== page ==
Motorists living in Wellington and parts of the South Island remain frustrated at having to pay more for petrol than anyone else.
In Wanaka it costs almost $2.64 to fill up. Wellingtonians are paying $2.49 a litre for petrol at the main stations in town.
That's more than in Auckland, which, even with its new regional fuel tax, is sitting around $2.46 in the central city - and Hunterville - where you can fill your tank for just $2.30.
On Adelaide road in the suburb of Newtown, two main players sit right opposite each other - BP, and Caltex.
Both are charging very close to $2.49 a litre - and motorists are not impressed.
Two Australian tourists in particular said in Whanganui the petrol was 19 cents cheaper per litre. They reckoned prices here were "a joke".
At a Challenge station in Johnsonville the price is four cents a litre cheaper, which is enough to convince locals to avoid the bigger players just a few minutes drive away.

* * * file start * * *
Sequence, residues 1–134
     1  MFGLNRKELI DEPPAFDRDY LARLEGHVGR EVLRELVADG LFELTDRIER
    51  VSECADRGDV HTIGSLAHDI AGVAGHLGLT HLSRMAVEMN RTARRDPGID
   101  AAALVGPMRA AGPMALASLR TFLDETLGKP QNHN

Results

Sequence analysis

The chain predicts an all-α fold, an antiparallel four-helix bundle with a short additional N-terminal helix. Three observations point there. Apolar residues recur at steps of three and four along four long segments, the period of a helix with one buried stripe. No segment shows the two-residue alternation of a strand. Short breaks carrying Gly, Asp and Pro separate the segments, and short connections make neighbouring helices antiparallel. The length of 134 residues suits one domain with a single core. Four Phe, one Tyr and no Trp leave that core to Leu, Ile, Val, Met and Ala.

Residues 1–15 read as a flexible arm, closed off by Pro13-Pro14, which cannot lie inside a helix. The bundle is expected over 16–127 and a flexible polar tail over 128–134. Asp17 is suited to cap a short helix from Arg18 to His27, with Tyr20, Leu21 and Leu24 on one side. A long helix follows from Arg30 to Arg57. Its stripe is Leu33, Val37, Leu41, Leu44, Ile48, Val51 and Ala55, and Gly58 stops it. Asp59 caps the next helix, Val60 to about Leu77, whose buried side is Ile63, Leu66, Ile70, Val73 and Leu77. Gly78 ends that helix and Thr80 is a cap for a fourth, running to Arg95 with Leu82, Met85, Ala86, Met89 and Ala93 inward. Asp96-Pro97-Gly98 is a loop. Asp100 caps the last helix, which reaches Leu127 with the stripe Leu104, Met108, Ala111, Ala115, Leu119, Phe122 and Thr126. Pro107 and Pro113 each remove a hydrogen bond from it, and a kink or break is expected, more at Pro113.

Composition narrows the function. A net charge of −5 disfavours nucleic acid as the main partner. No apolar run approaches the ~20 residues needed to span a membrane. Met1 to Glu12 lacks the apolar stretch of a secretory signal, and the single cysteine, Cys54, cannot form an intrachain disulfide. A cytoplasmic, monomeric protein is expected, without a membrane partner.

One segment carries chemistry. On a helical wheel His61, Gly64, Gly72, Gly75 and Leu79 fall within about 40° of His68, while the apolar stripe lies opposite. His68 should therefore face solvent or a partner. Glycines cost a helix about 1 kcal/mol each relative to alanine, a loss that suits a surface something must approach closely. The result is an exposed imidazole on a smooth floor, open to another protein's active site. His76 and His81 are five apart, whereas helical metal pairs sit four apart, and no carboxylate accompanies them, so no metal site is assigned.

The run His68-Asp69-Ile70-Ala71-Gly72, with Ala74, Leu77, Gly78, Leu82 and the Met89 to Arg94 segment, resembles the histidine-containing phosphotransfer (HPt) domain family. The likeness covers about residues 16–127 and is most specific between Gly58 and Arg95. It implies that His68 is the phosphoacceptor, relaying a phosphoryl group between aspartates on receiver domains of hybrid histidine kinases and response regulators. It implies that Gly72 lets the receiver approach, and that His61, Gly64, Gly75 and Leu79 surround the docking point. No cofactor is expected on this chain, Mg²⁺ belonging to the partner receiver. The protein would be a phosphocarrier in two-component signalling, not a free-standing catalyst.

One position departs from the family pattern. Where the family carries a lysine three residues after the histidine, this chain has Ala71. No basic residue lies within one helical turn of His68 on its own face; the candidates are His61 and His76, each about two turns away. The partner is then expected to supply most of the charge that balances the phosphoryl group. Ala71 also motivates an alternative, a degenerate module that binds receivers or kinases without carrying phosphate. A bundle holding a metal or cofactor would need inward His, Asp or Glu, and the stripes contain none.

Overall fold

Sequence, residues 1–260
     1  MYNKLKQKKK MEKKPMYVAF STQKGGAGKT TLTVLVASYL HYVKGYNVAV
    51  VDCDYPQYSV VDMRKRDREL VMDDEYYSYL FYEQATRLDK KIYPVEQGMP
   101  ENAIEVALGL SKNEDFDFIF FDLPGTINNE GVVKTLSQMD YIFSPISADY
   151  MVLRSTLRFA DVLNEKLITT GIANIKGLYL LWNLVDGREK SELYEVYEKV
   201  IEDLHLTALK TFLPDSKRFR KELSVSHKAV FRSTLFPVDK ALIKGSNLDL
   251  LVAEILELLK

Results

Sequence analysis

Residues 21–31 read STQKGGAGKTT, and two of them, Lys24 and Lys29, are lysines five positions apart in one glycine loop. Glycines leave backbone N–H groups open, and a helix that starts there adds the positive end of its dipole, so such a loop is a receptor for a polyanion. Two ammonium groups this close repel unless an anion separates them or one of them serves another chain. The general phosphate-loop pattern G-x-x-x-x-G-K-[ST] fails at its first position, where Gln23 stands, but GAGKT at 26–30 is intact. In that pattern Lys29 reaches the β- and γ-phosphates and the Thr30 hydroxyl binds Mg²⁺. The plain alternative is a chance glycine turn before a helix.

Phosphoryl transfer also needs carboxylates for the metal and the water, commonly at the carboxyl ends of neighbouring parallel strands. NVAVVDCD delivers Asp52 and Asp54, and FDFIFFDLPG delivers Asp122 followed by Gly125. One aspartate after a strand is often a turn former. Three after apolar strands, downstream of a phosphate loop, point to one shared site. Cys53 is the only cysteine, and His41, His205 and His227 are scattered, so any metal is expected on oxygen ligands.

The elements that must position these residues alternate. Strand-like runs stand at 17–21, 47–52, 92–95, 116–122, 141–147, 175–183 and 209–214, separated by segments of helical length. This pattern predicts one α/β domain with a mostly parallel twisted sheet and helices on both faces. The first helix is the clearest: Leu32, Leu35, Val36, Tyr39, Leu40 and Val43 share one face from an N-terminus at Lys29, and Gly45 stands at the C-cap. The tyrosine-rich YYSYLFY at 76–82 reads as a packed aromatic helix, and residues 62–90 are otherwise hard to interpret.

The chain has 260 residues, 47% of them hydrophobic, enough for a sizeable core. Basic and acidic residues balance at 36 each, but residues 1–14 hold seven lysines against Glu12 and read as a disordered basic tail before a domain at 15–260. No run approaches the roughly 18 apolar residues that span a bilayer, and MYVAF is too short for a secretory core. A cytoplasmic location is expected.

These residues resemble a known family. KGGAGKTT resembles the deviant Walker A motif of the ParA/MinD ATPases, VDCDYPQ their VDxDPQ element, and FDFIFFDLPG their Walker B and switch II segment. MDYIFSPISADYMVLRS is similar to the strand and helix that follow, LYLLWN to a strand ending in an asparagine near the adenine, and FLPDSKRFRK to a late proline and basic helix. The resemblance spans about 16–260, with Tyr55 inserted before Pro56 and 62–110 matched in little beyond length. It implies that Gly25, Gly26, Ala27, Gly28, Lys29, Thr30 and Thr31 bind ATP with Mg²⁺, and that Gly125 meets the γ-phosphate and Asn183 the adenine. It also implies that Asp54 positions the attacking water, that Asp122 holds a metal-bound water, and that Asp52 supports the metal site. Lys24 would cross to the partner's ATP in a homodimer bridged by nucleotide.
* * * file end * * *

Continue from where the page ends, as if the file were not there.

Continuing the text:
Lloyd Hassed, the owner of the Johnsonville Challenge, said the reason his prices were cheaper was simple.
"It's over to their head office I guess, a lot of those sites are run by oil companies, and we're not."
He says there used to be Challenge stations in Wellington.
"What Challenge sites there were around have disappeared, because Caltex bought them, and sold a few of the sites off."
In Timaru two women have started a Facebook event, calling for people to boycott petrol stations on 26 October and October 27, as a protest about the inflated prices.
So far 18,000 people had indicated they were interested.
The Government said taxes were not the reason prices were so high - and was planning to push through legislation to allow the Commerce Commission to carry out market studies and require companies to hand over information.
Fuel companies need to explain why there's a 40 cent variation in fuel prices across the country, Prime Minister Jacinda Ardern said.
"Just this morning the fuel station nearest my home is charging less a litre than the fuel station near the airport in Wellington. Ten cents less, and that's with the regional fuel tax in Auckland.
"There are variation in prices that cannot be explained solely by transport costs," she said.